Thank you Hankules, Mitch, and Matt for your help and advice.

Kev


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PostPosted: Sat Oct 31, 2020 6:05 am 
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Glad you got the amp more or less working.
According to the layout drawing, the treble control has a couple of long wires heading to the board. Try moving them to different positions to see if that reduces the hum.
The presence control has a shielded cable running to it. Make sure there aren't any shorts from the center conductor to the shield.
Same with the wiring to the relay board. Can you tell if the relay is clicking on and off? If so it's probably just a wiring problem between the relay board and the overdrive control. Good idea to see if the overdrive works with the relay connections removed and the push/pull switch is wired as shown on the main layout drawing.


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PostPosted: Sun Nov 01, 2020 3:46 pm 
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So I disconnected the overdrive board and wired the overdrive switch as shown in the diagram. The overdrive switch worked almost as expected.

1. When the overdrive potentiometer is turned past about 9:00 it has an extremely high pitched squeal. There is also a low hum also only when turned past 9:00. While I would expect some noise as the potentiometer is turned up, this comes on suddenly. Moving the wires does not eliminate the noise.

I reconnected the overdrive board as pictured.

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The way I have it hooked up is not the way it is on the overdrive board diagram. The foot switch only works when the overdrive switch on the amp is pulled out. The foot switch then turns off the overdrive. I have no idea why this works, but unless there is an issue with wiring it this way, I’m inclined to leave it.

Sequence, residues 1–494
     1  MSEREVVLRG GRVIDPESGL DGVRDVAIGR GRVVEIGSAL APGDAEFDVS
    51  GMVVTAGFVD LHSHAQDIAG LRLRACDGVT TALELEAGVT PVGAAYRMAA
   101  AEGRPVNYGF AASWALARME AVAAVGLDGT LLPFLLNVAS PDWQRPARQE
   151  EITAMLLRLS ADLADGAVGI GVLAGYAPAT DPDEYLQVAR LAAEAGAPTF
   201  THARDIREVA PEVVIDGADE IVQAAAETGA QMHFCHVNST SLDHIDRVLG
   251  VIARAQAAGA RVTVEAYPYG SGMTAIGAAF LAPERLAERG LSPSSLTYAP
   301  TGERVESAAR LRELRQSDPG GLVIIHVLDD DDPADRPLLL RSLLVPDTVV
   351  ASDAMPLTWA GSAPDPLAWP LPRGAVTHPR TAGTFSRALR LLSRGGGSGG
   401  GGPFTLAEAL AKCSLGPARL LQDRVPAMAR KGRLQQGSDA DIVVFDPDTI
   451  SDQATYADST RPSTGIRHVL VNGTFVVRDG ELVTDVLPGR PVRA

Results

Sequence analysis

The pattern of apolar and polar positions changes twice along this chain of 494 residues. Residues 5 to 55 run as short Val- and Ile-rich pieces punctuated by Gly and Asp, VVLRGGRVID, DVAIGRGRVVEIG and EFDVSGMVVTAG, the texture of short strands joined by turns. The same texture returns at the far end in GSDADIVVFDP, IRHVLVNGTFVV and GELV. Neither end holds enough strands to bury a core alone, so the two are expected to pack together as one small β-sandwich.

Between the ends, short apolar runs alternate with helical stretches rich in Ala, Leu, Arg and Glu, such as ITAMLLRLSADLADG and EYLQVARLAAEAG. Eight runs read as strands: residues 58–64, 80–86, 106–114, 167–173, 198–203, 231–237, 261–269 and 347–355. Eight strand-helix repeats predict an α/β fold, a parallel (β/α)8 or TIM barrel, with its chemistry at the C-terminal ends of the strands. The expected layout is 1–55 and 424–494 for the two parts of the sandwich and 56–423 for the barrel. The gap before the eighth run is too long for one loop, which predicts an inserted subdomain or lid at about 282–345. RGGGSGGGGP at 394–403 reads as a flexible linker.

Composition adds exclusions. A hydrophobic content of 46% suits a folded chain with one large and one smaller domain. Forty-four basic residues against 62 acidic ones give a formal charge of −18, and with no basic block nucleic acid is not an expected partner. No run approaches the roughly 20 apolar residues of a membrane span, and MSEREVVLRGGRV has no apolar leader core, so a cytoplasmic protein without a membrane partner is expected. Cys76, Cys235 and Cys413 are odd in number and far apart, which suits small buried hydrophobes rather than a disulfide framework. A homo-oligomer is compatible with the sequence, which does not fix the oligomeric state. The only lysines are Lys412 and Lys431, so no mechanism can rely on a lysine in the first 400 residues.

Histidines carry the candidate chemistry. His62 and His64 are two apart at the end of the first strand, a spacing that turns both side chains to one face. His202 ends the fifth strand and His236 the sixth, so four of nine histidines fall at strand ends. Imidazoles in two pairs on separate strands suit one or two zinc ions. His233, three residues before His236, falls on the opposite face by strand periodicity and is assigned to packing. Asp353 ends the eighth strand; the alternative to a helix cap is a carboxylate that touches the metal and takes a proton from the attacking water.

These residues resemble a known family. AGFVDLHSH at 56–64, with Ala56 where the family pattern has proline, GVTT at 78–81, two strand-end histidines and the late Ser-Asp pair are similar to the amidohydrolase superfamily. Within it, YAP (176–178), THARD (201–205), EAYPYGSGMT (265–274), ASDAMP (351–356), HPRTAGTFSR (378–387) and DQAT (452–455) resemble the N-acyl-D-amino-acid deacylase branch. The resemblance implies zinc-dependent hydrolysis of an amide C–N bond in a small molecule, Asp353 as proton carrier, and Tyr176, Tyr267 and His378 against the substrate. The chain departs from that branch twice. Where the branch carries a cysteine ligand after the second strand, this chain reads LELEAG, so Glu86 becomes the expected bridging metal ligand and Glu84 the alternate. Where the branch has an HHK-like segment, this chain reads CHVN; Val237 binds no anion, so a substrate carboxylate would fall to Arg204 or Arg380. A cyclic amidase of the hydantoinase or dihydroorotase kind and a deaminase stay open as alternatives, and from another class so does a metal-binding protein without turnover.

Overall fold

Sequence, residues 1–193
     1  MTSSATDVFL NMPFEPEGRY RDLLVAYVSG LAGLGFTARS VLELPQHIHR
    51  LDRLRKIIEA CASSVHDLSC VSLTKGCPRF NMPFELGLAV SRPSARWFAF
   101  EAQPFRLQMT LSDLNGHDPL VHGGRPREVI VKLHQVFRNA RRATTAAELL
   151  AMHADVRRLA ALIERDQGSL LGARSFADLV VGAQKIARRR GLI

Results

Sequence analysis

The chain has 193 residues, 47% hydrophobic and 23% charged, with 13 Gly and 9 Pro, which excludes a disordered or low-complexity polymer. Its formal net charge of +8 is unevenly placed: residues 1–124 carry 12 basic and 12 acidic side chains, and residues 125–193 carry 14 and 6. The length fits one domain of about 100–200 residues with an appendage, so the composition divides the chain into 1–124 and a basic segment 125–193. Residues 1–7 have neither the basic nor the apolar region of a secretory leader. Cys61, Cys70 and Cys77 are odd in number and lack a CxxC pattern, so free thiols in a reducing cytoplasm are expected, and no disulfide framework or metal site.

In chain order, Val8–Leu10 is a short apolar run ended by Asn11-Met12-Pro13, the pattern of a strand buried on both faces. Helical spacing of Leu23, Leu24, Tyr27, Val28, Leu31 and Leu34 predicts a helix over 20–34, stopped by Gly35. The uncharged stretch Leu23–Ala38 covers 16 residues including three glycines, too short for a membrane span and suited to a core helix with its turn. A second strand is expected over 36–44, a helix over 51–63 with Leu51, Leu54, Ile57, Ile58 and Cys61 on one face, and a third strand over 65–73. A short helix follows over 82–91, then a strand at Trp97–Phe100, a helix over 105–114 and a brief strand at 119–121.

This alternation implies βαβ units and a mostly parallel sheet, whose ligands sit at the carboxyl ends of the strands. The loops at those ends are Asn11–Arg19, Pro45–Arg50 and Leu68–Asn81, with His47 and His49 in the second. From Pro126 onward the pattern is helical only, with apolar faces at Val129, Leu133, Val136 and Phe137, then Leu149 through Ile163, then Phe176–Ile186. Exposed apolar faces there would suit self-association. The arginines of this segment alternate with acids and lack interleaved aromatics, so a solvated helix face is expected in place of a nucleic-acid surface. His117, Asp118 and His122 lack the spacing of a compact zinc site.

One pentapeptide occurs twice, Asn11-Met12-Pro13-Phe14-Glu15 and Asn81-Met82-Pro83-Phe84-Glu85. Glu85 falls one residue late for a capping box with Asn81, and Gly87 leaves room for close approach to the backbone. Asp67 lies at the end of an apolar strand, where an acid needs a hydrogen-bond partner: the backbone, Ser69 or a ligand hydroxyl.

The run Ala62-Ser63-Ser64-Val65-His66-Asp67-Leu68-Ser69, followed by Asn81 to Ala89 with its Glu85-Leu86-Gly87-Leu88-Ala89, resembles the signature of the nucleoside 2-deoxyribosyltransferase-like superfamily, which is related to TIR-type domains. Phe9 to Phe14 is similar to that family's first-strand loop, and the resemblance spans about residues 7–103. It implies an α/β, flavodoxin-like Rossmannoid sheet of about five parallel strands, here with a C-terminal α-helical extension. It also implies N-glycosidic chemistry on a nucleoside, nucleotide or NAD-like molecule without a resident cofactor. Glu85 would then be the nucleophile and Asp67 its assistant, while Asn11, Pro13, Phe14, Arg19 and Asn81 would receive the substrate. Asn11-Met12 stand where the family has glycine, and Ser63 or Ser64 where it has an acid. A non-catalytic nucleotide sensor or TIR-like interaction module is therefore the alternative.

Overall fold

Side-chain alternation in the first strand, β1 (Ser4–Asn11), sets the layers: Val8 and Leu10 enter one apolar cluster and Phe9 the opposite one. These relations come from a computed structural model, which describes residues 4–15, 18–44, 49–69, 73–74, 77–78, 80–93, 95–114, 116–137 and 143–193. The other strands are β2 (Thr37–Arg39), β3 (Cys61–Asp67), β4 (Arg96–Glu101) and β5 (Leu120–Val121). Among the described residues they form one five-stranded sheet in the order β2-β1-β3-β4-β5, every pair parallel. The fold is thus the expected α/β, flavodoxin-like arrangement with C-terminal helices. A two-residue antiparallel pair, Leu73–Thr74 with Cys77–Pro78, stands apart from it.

The presence control seems to be doing something, but it super subtle.

The treble buzz seems To be greatly reduced with wire position. I still find it odd that it only happens when the potentiometer is all the way up.

Would shielded wire make a difference?

Thanks,
Kev


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PostPosted: Tue Nov 03, 2020 12:17 am 
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I changed the wires from the overdrive board to v2 to shielded wire and moved the other shielded wires to the top of the board and the amp worked perfectly. That was until I installed the tube effects loop, now there’s quite a bit of noise and when bypassed there’s no guitar signal and a loud hum.


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PostPosted: Sat Nov 07, 2020 1:40 pm 
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So I am a little frustrated, with the overdrive board and effects loop removed, the amp is fantastic. I can’t get the overdrive board to work properly, it’s squealing at higher gain settings. I’ve tripple checked the wiring and construction and can’t find anything contrary to the diagram. It sort of works when I have it wired as pictured. When the overdrive knob is pushed in the foot switch boosts the signal when the overdrive switch is pulled out the foot switch boosts the overdrive signal.

The tube effects loop is super noisy and super loud. If the board is tapped with a chop stick you can hear it through the speaker. The board was pre built all I had to do was solder in the jack and variable resistor for the loop level. It’s hooked up correctly and the bypass works great. Only when the effects loop is engaged is it very noisy, even when turned all the way down.

I appreciate any help or advice.

Thanks,
Kevin


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PostPosted: Mon Nov 23, 2020 12:07 am 
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All done!
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PostPosted: Wed Nov 25, 2020 11:56 am 
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Looks great! Did you get all your technical issues worked out? Everything now working reliably and consistently?

What kind of cab/speakers are you running it into?

What's your take on the tones?